SINGAPORE (BLOOMBERG) - Gold is refreshing its credentials as the go-to commodity in troubled times.
Bullion rallied above US$1,100 an ounce, rising for a fourth day to a two-month high, after Chinese shares plunged, the yuan slid and the country's stock exchanges closed early for the second time this week, spurring haven demand.
"Gold is probably the only one beneficiary among all the commodity markets from all the turmoil," said Bob Takai, chief executive officer and president of Sumitomo Corp. Global Research. "The stock market is down, so it's apparently a risk-off action by the investors."
Gold has outperformed all other commodities since the turn of the year after posting three straight annual declines as currency and equity-market weakness in China, coupled with rising geopolitical tensions in the Middle East and North Korea, boosted demand. The precious metal has climbed even as a gauge of the US dollar advanced to the highest level in more than a decade.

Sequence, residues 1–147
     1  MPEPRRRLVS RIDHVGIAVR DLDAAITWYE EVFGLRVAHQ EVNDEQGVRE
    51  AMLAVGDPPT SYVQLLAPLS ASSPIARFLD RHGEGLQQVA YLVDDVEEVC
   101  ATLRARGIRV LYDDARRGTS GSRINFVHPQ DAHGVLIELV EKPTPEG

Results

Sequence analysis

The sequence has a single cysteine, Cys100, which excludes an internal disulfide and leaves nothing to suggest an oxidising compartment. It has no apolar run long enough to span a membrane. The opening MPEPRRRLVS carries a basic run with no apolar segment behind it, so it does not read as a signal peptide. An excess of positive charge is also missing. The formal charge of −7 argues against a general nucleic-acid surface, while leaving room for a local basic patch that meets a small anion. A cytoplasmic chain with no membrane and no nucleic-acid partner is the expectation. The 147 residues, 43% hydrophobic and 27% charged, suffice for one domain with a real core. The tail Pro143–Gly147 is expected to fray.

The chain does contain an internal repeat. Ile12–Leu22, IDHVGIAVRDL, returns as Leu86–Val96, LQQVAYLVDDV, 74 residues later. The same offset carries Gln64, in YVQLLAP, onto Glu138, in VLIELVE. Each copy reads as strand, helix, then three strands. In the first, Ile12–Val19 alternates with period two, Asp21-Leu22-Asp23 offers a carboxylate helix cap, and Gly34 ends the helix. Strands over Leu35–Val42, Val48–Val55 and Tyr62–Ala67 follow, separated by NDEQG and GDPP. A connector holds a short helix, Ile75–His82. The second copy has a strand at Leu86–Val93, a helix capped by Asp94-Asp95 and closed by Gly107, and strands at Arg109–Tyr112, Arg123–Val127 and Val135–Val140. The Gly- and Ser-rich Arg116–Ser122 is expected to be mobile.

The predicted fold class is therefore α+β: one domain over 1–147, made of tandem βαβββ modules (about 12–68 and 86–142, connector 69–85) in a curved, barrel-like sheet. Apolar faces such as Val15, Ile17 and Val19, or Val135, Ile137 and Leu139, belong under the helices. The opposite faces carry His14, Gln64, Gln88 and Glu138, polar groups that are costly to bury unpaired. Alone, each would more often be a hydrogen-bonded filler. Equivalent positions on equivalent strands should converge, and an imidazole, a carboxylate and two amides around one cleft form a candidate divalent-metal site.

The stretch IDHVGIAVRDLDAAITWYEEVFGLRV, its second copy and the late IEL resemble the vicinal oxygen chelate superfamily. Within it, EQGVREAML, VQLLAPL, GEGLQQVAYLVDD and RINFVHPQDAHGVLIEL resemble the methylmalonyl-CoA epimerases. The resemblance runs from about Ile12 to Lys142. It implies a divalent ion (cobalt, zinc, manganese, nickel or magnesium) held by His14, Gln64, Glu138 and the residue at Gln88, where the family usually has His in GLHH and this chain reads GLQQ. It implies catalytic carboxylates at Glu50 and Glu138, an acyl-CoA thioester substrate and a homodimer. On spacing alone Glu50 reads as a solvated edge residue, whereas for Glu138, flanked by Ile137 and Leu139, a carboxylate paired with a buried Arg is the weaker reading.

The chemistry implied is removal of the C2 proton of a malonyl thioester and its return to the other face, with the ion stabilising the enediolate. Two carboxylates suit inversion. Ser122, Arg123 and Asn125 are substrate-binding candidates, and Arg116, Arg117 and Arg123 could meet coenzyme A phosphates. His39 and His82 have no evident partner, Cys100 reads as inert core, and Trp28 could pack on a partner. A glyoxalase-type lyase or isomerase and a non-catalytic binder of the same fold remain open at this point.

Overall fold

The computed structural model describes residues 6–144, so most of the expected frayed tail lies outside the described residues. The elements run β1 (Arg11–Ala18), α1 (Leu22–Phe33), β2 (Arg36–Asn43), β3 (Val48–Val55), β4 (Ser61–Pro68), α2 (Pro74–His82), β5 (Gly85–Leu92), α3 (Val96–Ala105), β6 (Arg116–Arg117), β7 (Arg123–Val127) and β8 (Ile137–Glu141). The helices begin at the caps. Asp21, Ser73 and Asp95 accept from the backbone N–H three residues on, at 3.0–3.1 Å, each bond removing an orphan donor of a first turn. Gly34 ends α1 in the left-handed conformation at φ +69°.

Gold for immediate delivery rallied as much as 0.8 per cent to US$1,102.85 an ounce on Thursday, the highest price since Nov. 6, and traded at US$1,099.65 at 1:15 pm in Singapore, according to Bloomberg generic pricing.
On the Bloomberg Commodity Index, which gauges returns from 22 raw materials, the metal has jumped 3.7 per cent in 2016 as base metals and oil tumbled, with Brent sinking to the lowest in 11 years.
China's CSI 300 Index tumbled 7.2 per cent on Thursday before trading was halted, while the onshore yuan weakened against the dollar to a five-year low after the central bank cut its reference rate by the most since August. China's regulator called an unscheduled meeting on the stock market, according to a person with direct knowledge of the matter.
"People are going to be concerned about emerging-market currencies and currencies related to China, so they'll be looking for things like gold, the yen, and the U.S. dollar," said Ric Spooner, a chief market strategist at CMC Markets Asia Pacific Pty.
"There are quite a lot of people in the market concerned about the possibility that those moves in China signify a reaction by authorities to an economy that might be weaker than many people think it is."